Learning to fly

Gliding is a sport open to almost anyone: it is possible to fly solo from the age of 14 and many pilots fly into their 80s and 90s.

For most people the first introduction to gliding is through a trial lesson, often bought as a present. Beginners are frequently surprised to find that they sit in the front, while the instructor sits behind, although they are reassured to see that the instructor has a full set of controls and instruments!

The first lesson involves familiarisation with the experience of launching and landing, how it feels to fly, perhaps progressing to the student being asked to move the stick to bank or pitch the glider while the instructor retains control of the other aspects of flight.

Further lessons build the student’s experience and confidence through a series of exercises on a standard progress card. In addition, the student keeps careful track of all flights in a log book. The number of flights required to go solo will depend on a number of factors, the two main ones being consistency of instruction and frequency of the lessons. Strubby has several advantages for novice pilots, in particular our small pool of instructors, meaning that students can have consistent instruction and quickly gain confidence. As with any weather-dependent outdoor sport in the UK, tenacity is required to keep making progress and while there is no pressure to go solo in any period of time the students who progress rapidly are those who turn up at every opportunity.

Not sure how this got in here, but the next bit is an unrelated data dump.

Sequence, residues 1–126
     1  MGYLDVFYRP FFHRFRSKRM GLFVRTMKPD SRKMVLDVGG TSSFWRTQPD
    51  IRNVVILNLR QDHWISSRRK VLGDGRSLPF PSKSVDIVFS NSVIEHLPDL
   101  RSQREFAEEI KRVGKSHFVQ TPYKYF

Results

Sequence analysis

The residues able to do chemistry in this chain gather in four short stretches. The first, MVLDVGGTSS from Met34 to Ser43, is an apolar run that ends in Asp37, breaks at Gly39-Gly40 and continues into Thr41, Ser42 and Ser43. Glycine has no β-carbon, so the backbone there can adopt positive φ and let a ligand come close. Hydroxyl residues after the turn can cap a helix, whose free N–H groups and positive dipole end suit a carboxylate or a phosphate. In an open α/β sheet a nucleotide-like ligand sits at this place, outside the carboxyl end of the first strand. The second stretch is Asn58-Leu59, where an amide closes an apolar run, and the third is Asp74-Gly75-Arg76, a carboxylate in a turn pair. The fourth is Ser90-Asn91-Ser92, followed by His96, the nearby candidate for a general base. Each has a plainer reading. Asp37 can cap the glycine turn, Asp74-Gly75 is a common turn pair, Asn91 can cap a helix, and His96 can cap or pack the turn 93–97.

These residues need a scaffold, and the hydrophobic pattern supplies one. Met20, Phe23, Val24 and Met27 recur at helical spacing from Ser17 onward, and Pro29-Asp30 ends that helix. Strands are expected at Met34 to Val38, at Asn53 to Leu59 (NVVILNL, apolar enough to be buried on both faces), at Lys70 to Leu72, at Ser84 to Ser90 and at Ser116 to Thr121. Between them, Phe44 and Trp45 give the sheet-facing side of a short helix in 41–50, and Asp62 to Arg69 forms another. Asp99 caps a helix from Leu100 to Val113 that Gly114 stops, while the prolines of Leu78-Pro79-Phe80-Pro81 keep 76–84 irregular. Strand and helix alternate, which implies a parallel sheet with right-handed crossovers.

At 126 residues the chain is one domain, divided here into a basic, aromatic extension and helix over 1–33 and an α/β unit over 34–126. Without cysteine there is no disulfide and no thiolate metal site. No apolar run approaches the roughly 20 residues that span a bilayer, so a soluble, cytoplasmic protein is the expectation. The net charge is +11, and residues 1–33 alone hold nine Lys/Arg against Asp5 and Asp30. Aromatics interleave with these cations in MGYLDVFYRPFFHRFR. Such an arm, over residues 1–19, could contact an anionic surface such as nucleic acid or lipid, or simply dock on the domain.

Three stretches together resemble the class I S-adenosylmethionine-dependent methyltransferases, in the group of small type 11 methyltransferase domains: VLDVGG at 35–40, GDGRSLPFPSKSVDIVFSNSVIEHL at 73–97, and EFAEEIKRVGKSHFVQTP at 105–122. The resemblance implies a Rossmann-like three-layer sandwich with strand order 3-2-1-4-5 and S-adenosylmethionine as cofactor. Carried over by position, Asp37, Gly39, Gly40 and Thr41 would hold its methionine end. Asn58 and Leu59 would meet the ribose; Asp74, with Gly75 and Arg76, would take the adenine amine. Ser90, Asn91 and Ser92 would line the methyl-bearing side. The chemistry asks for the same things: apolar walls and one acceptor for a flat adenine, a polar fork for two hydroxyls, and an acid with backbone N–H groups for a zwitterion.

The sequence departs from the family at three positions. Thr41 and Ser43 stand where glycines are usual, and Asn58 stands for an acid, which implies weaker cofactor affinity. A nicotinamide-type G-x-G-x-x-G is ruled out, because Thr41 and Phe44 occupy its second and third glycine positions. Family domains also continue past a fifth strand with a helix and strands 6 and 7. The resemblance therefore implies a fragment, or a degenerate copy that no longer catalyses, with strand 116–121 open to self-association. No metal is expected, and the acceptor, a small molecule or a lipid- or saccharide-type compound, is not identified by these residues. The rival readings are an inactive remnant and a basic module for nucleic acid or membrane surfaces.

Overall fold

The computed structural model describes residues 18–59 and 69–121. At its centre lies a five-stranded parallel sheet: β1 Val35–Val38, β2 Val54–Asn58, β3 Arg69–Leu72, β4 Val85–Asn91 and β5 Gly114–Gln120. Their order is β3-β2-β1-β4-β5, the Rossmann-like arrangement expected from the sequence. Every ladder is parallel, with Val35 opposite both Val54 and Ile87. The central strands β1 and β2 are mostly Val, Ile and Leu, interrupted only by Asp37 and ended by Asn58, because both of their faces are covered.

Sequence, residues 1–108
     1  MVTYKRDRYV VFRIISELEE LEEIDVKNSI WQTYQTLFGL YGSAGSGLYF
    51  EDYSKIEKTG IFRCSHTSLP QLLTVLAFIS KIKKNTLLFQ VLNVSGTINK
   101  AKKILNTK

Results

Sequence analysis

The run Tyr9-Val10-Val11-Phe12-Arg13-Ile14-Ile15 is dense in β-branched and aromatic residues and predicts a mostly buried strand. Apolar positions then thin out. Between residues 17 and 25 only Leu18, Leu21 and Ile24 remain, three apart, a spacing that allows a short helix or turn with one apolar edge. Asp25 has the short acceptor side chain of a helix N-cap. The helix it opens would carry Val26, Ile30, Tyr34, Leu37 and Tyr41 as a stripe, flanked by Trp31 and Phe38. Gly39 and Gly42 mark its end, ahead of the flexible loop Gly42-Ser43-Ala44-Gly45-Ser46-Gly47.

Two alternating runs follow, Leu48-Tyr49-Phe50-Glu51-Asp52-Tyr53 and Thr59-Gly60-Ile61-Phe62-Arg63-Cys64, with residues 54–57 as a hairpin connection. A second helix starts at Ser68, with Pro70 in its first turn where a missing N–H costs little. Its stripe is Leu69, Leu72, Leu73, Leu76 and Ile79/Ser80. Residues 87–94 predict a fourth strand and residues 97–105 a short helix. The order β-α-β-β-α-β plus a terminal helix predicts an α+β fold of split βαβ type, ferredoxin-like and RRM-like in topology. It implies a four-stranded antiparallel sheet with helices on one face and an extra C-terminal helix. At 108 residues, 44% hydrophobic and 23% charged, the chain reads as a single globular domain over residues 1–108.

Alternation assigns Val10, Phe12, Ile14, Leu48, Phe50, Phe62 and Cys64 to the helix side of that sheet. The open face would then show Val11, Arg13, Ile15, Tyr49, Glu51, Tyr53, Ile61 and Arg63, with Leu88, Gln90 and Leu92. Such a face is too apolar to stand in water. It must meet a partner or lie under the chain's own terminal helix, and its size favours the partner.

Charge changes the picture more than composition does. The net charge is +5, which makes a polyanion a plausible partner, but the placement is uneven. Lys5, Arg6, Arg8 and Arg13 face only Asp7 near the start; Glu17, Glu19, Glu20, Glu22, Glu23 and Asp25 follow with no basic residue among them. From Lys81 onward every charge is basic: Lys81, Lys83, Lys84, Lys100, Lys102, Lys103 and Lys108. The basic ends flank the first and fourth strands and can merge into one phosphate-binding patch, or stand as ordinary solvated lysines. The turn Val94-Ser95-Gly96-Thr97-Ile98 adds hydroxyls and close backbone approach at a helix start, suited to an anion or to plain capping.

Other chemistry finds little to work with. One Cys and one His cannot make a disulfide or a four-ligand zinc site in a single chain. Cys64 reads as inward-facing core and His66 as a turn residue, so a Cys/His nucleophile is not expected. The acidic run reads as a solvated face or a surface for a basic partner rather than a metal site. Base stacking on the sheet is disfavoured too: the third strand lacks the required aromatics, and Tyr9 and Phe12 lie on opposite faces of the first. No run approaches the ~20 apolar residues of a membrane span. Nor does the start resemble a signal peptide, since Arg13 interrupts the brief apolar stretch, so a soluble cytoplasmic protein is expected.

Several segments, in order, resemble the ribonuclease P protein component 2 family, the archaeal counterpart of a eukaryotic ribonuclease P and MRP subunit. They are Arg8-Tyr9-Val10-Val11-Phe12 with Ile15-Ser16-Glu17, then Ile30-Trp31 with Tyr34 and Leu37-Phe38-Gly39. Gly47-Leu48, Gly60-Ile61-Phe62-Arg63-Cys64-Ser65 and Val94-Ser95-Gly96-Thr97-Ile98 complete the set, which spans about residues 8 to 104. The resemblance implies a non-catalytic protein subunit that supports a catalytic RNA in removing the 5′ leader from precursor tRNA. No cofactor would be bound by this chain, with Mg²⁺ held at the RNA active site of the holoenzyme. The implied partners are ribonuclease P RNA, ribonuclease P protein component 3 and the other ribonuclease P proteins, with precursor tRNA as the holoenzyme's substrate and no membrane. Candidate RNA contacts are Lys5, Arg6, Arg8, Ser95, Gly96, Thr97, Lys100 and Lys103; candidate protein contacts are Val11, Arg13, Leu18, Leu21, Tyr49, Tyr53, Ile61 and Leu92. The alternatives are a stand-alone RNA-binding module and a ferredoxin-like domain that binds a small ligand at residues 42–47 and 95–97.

Pilots interested in a more intensive training can request a course day, and provided sufficient members and instructors are available this will be put on. One or two students may be accommodated in a day, and no trial flights will be available, meaning that more training flights can be fitted in with fewer interruptions.

 

 

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